The other night I created two short ways to introduce the Silk Road and the Great Wall to sixth graders. Feel free to use them or edit them as you choose.
1) Silk Road-- Corner the Market
I got the inspiration from a card game I played with my family over the holidays. I can't remember the name, but I thought it was corner the market.
I made a set of 36 playing cards. These were simply printed pictures that I cut up (I have links below). From there you split students into groups of six and you give each player 6 random cards. Therefore, each student has 6 cards or "products" in their hand. Once trading starts their goal is to get all six of one product. Whenever they want to make a trade, they simply turn to one of the six players and say I will trade you two for two or three for three. The other person does not see the traded cards until the transaction is made. This continues until one person has all of one product. They then have cornered the market. In order to add a new wrinkle to it you can assign each product a point total. This means that rice may be worth 50 and art 200. The students then have to figure out if it is better to make the most "cheap" transactions or try to wait and make the more "lavish" ones. This becomes a lesson in supply and demand and price for sixth graders even though I really didn't stress those points. After this you can introduce the Silk Trade and the students are pumped to find out more.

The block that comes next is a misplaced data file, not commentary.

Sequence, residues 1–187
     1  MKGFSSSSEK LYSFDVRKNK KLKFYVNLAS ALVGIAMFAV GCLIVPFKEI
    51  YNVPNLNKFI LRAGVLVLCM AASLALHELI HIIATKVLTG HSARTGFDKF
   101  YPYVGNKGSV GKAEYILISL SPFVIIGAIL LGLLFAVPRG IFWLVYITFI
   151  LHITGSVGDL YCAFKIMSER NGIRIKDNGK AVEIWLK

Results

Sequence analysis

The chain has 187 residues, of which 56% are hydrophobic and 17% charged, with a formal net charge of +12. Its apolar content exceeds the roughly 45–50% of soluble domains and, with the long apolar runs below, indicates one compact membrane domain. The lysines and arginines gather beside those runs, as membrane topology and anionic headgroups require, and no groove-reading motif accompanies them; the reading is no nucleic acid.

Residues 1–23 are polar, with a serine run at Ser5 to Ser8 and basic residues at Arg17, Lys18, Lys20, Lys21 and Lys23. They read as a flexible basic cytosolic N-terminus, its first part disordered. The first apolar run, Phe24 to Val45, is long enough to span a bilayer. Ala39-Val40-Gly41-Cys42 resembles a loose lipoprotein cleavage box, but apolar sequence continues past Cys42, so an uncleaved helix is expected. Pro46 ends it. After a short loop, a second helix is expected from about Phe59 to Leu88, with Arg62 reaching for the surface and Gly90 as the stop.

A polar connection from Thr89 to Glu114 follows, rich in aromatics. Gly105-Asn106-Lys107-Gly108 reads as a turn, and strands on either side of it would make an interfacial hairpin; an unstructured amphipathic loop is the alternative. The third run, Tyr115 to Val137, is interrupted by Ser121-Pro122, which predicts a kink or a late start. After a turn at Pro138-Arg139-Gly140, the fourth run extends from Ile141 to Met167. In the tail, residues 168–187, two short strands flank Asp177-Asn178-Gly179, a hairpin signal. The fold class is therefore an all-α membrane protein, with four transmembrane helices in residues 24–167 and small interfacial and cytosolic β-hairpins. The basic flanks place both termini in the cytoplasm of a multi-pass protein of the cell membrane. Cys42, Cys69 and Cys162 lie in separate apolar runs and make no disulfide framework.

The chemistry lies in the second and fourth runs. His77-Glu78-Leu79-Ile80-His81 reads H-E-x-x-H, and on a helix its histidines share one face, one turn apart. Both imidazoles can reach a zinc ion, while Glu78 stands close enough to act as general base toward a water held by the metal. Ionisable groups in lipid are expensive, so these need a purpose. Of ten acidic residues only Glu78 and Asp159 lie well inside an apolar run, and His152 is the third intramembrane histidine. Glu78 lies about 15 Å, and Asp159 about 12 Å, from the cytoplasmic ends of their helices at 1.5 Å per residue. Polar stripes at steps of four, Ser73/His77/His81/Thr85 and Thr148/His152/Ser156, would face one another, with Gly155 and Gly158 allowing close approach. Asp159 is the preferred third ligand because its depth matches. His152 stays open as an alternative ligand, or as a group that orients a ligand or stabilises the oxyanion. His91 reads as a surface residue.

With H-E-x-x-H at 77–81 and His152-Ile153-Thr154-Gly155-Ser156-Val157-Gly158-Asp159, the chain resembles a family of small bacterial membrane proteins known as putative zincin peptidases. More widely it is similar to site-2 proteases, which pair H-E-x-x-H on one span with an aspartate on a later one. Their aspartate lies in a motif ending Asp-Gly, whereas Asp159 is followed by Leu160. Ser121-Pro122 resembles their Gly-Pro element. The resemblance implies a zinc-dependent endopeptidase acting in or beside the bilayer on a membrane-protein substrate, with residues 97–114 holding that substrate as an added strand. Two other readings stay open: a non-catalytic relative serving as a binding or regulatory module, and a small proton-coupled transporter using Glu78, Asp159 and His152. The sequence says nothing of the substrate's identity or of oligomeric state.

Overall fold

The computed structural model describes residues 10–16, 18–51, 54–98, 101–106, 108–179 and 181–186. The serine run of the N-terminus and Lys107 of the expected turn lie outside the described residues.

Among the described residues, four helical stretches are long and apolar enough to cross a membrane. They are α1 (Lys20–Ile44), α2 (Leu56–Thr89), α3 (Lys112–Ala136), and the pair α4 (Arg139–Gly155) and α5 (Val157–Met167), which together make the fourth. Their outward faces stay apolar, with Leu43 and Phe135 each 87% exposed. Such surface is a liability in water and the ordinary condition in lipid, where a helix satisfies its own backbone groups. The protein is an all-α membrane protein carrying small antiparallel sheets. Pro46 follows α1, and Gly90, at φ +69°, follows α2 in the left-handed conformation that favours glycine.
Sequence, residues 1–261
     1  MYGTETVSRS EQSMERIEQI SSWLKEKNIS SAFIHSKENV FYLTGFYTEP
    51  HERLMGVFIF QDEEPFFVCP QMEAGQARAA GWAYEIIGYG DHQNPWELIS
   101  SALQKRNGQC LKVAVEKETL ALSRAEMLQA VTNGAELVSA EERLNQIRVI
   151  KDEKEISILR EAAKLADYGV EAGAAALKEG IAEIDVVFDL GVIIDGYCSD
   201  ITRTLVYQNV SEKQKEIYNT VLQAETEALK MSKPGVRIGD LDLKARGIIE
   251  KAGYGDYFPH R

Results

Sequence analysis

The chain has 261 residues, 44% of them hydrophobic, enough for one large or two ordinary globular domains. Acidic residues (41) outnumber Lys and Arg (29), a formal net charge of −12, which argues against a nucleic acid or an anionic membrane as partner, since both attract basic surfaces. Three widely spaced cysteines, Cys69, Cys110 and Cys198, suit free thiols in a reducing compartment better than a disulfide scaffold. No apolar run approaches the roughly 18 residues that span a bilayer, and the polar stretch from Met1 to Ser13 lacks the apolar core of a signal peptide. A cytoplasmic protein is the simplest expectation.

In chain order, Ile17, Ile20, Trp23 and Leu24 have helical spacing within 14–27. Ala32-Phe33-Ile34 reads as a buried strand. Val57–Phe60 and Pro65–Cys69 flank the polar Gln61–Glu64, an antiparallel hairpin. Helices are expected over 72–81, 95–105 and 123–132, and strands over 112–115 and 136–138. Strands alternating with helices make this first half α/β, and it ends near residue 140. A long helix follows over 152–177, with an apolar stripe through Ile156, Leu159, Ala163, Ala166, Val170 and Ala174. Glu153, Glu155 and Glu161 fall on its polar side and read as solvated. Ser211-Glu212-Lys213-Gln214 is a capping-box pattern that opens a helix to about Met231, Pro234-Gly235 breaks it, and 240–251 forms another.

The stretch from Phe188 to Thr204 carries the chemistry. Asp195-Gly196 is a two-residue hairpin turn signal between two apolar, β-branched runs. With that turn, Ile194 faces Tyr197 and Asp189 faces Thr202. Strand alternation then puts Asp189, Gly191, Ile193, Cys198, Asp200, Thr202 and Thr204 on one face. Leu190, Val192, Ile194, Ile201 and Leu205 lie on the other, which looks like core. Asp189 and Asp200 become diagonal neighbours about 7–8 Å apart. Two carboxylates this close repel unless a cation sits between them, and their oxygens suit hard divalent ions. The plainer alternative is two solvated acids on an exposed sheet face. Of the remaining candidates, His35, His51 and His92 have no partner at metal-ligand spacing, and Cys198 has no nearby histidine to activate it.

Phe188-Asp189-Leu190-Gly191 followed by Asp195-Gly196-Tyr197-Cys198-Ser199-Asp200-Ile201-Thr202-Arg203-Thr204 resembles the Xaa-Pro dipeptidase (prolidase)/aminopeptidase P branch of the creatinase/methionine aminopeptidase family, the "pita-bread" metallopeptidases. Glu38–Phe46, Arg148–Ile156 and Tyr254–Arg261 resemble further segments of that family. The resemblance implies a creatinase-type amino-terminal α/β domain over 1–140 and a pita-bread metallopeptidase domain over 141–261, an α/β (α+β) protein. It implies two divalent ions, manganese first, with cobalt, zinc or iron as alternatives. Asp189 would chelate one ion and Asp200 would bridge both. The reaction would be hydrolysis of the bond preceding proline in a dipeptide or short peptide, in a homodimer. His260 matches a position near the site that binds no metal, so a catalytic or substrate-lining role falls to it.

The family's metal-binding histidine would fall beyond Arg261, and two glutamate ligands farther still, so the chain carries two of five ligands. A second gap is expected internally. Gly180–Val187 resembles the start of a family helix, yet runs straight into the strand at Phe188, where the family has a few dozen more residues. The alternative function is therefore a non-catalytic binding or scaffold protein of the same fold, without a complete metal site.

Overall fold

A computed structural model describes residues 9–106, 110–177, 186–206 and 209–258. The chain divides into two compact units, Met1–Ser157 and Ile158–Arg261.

If you take this game an use it my only wish is that you make sure it stays a game and not a competition. I was clear that we were not keeping score or points and the kids had not problem with that.
My products were: Rice, Asian Horses, Silk, Art, Cows, Chinese Paper
Google Doc with for cards
(When I uploaded to Google Docs the pics went astray so you can email me email@example.com for word doc)
#2 Make you own wall
Before class, I asked the teacher next door to try and get into our classroom in 15 minutes. As the students walked in I announced that angry Ms. B was trying to invade the class. We would have 10 minutes to try and block her. I told the students that they could use anything to build a wall blocking the door. As long as there was no running or screaming everything was game. One student asked what would happen if there was a fire and my response was, "I hope that doesn't happen". Students stacked desks, chairs, and supplies to fortify the classroom (while they were all their I briefly thought about burning them). In 15 minutes the teacher could not come in and then we had a brief discussion as to why countries build wall and barriers. It was a great intro to the Great Wall.